As one of the most versatile and widely used metals around, copper has long been trusted as a safe and sustainable material for piping systems.
In fact, the earliest copper pipes date back thousands of years to ancient Egypt.
Other piping materials have emerged since then, but to this day copper remains the gold standard for plumbing.
So, why is copper used for water pipes? And what makes it a superior alternative to other materials? Let’s dive in!
A history of copper in plumbing
The archaeological record suggests copper piping was first being used by the ancient Egyptians as far back as 2,500BCE.
In 1994, archaeologists excavating the tomb of King Sahure unearthed a sophisticated network of copper pipes, including a drainage system for removing rainwater and a supply system for transporting water to several limestone basins.
References to copper piping in other ancient societies and through the Middle Ages are limited. It wasn’t until the introduction of industrial machinery in the mid-1700s that copper pipes could be manufactured on a mass scale and to a satisfactory standard for modern plumbing.
By the early 1900s, copper pipes were being used in hot water systems as a safe alternative to lead pipes, which were known to corrode on contact with soft water. The eventual banning of lead pipes in the 1970s led to copper becoming the leading choice for plumbing systems.
Today, copper remains an essential material within plumbing and construction, supporting the transition to a circular economy within the trades.
Learn more about the history of copper piping below.
Why is copper used in plumbing?
Copper has a unique set of properties that make the red metal especially suitable to plumbing. These properties include its natural resistance to corrosion and toxic substances, as well as its strong sustainability credentials and ability to be bent into shape without breaking.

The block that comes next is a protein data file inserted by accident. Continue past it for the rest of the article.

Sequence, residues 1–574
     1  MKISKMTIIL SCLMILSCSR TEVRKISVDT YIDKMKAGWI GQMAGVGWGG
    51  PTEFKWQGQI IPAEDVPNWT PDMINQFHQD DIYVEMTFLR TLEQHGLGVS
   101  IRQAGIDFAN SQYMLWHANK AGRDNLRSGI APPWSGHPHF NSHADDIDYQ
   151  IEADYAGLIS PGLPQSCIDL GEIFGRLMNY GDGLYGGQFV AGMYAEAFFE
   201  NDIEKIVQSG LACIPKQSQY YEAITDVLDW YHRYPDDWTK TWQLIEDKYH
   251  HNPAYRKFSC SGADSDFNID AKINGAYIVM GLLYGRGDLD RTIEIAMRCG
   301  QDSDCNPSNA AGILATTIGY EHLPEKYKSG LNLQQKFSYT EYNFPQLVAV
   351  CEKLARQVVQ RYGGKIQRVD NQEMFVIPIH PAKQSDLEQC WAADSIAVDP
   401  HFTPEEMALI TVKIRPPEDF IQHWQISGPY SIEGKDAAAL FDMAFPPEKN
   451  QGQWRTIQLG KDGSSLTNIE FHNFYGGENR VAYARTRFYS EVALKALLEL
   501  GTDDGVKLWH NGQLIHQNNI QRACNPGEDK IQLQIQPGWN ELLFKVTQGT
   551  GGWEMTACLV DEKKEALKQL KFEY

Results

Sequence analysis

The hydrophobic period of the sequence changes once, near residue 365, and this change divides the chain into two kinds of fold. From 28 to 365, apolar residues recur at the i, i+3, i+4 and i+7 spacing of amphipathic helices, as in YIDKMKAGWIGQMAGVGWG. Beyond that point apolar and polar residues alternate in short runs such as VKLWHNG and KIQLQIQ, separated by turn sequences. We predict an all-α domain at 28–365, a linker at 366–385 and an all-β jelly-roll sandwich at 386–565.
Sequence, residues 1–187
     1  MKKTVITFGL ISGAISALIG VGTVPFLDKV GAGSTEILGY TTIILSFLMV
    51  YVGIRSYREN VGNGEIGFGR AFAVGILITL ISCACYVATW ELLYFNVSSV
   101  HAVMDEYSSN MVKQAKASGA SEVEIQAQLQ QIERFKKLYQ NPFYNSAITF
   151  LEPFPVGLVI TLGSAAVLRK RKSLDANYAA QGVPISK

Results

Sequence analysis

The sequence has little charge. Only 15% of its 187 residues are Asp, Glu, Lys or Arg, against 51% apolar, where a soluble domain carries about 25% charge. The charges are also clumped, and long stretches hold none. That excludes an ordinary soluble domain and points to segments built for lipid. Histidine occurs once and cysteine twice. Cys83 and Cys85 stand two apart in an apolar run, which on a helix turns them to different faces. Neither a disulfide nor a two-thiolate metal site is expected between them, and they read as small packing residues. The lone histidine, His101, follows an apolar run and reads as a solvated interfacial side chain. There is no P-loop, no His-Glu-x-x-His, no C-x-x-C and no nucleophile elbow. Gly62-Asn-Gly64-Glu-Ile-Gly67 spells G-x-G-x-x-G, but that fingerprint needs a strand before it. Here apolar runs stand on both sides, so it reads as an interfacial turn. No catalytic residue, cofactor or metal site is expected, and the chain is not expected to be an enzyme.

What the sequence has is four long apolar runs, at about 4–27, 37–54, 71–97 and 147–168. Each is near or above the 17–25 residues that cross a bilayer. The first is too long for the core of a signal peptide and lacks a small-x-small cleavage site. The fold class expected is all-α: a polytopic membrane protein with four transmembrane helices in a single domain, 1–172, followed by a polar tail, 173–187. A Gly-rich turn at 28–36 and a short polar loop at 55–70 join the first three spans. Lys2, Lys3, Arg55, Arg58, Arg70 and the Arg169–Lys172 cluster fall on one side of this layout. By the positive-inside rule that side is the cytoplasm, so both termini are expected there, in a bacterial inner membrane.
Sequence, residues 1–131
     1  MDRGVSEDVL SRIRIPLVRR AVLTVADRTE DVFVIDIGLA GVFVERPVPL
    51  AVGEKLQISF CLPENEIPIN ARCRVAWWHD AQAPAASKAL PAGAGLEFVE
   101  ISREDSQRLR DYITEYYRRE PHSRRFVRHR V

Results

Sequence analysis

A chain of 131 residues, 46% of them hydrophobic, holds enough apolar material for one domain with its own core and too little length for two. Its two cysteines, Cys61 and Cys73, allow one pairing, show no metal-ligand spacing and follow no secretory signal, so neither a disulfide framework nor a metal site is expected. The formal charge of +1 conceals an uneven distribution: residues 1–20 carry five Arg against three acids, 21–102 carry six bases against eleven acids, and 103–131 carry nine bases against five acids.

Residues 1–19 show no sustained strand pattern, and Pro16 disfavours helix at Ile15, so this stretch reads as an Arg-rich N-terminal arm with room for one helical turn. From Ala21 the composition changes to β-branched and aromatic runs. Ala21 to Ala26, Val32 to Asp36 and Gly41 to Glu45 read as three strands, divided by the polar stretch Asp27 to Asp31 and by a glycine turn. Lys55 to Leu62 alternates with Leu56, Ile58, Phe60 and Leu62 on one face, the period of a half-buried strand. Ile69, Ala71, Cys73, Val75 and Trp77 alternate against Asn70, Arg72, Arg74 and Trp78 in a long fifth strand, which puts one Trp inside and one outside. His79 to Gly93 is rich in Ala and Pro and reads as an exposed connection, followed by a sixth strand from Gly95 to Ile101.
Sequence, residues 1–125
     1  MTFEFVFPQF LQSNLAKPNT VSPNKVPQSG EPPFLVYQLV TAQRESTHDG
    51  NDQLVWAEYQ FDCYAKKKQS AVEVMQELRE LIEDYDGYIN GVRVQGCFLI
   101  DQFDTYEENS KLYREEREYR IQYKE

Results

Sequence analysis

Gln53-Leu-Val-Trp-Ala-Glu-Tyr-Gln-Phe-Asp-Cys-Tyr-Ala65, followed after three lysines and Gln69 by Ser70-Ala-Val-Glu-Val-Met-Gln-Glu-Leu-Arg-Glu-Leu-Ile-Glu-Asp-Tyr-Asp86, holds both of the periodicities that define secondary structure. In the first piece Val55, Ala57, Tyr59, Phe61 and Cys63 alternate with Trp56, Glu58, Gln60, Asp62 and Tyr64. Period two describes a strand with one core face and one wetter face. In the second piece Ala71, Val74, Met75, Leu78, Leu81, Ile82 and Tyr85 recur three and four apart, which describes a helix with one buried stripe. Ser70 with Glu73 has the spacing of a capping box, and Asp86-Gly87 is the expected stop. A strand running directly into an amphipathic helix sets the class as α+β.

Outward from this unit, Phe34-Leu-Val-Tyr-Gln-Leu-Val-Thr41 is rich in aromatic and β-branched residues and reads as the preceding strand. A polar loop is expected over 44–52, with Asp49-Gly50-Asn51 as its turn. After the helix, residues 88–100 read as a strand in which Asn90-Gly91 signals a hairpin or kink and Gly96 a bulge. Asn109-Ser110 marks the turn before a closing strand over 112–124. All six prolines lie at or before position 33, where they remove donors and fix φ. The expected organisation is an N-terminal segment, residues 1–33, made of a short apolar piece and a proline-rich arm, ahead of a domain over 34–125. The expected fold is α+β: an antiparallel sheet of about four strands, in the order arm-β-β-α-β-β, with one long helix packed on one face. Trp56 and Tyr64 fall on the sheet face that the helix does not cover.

Copper water pipes are non-toxic
One of copper’s key strengths as a piping material is its natural antimicrobial resistance. The red metal provides a layer of protection for water supply lines, killing off harmful bacteria and preventing toxic substances from leaking into drinking water.
This is why copper pipes have been chosen to replace toxic lead pipes across the UK. It’s also the reason why medical copper pipes are used in hospitals, helping to keep medical gases sterile as they are transported to patients’ bedsides.
Copper water pipes are resistant to rust
Not only do copper pipes offer protection against harmful bacteria, but they are also naturally resistant to rust and corrosion. As a non-ferrous metal, copper doesn’t contain any iron, meaning it isn’t susceptible to rust.
When oxygen atoms land on copper’s surface, they combine to form copper oxide, which eventually thickens to form a protective layer as a patina. This special form of copper corrosion, distinctively green in its appearance, actually helps protect the metal from the elements.
Copper water pipes are malleable
Another important factor when picking the right plumbing material, particularly in modern buildings with increasingly complex installations, is malleability. As a flexible material, copper can easily be bent to fit different shapes and sizes without compromising its structural integrity.
This makes copper pipes a great choice for pipework that needs to be fitted within tight spaces. It’s also the reason why copper is used to make the small, intricate fittings that connect different sections of piping together.
Copper water pipes last a lifetime
Thanks to its mechanical strength and natural corrosion resistance, copper is well equipped when it comes to withstanding different stresses. Whether exposed to UV rays, cold temperatures or high water pressure, copper pipes are unlikely to leak or become brittle.